As the first major project to be implemented after master planning the entire senior school campus, the Brother Stephen Debourg Performing Arts Centre at Sacred Heart College demonstrates the schools’ focus and a return to its core philosophy of being a teaching institution of its time, maintaining the provision of services par excellence.
Architect: Tridente Architects
Location: Somerton Park, South Australia, 5044, Australia
Engineer: Wallbridge & Gilbert
Quantity Surveyor: Heinrich Consulting
Builder: Romaldi Constructions
Project Area: 1420 sqm
Project Year: 2008
Photographs: Peter Fisher
Reinforcing the fledgling performing arts stream, the new facility signifies this change by the intervention of a contemporary building into a historically significant precinct and prominent location on the grounds. Bridging between existing traditional building stock, the performing art facility nestles comfortably within a grove of established trees in the manicured landscape. The splayed wings of the building offered to the driveway drawing one to the glazed entry and within.
Visible from a major road, the massing and combination of forms balance contextual composition with a striking simple intrusion. Presenting solid walls to the east, north and west facades reduce unnecessary heat load, yet the building provides transparency to the south landscaped portion of the site. This characteristic, in conjunction with a reduction to a scale in keeping with the adjacent residential buildings, fosters visual connection and promotes passive surveillance.
The use of a colored paneling system in cardinal purple offers more than just a tenuous link to the adjacent chapel; imbuing the internal spaces and the cloister with a subtle lilac glow to reinforce the spiritual and reverential ambience.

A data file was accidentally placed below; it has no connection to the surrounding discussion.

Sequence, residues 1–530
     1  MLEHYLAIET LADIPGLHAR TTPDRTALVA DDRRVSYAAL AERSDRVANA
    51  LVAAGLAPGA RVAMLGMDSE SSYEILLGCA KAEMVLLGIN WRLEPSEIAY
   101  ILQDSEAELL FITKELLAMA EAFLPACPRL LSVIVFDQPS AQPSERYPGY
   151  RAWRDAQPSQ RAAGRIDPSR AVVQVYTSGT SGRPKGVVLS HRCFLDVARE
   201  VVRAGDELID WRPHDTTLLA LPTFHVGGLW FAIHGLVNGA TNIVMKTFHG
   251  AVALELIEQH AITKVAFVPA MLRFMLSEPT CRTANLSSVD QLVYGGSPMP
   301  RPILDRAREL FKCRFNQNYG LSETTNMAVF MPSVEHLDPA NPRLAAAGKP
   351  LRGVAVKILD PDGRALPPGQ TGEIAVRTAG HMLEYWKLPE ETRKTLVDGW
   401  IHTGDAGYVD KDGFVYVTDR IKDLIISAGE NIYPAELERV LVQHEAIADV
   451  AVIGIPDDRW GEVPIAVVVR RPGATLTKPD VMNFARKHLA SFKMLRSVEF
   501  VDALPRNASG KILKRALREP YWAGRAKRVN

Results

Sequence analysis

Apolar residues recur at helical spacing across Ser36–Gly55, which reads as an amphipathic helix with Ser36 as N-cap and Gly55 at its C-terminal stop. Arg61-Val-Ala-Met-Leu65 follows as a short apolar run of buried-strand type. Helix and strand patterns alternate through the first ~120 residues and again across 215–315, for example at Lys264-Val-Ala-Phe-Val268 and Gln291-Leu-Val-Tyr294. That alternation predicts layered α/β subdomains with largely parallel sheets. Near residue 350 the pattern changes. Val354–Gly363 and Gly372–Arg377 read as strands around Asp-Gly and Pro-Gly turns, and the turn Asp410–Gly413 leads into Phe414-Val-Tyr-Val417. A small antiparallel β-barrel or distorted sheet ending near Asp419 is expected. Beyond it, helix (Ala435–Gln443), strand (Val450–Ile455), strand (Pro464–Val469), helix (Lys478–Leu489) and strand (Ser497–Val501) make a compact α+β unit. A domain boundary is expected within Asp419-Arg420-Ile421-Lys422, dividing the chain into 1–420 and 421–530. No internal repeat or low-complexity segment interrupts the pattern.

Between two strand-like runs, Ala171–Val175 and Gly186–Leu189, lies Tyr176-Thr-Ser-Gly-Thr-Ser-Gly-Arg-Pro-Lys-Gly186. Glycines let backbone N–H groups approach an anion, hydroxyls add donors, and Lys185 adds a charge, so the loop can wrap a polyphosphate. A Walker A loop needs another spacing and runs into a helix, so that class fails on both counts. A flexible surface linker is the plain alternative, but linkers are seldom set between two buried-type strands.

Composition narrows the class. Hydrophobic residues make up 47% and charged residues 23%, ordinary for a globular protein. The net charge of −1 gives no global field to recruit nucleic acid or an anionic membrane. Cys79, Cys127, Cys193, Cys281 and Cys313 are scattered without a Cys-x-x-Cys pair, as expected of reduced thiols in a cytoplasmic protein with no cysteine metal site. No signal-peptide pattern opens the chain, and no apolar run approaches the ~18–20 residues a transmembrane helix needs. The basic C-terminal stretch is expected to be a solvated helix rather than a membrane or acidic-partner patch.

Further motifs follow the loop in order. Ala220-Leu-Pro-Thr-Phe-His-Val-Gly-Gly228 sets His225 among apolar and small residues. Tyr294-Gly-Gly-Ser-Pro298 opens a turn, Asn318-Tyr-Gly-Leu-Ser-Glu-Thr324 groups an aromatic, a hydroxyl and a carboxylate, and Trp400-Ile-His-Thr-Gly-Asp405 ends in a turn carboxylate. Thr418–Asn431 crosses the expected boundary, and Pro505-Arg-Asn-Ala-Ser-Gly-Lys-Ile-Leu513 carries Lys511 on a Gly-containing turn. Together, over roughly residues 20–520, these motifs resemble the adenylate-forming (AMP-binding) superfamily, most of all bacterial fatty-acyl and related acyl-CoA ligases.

With a program more complex and variable than the simple forms belie, the facility comfortably blends teaching and performance with other ancillary functions enabling it to be utilized by the college, feeder schools and affiliated colleges in the local area.
The use of construction techniques and materials more commonly associated with warehouses has minimized the cost of the base building allowing emphasis to be placed on the internal spaces and facilities. Integration and concealment of services was critical to accommodate the high level of acoustic control and isolation required of the teaching, practice and performance spaces and the quality expected of publicly accessible spaces.
Where possible the use of day lighting has been maximized by the provision of large expanses of glazing, predominately orientated to the south. Elsewhere compact fluorescent and T5 fluorescent fittings have been utilized. With the specific acoustic requirements for performances, practice and studio work it was not possible to utilize any forms of passive ventilation and a reverse cycle air conditioning system has been adopted throughout, with windows generally sealed. To control running costs and reduce energy consumption an economy cycle system has been implemented to utilize unconditioned external air.
The performing art facility does more than just respond directly to the college’s briefed objectives. The building establishes a new design language and palette for development and defining the south-eastern corner of the site and the entry into the college grounds. The varied teaching, performance and entertainment opportunities provided by the adaptable and multi-functional spaces satisfy the brief and provide much more, the flexibility and neutral background necessary to foster the performing arts.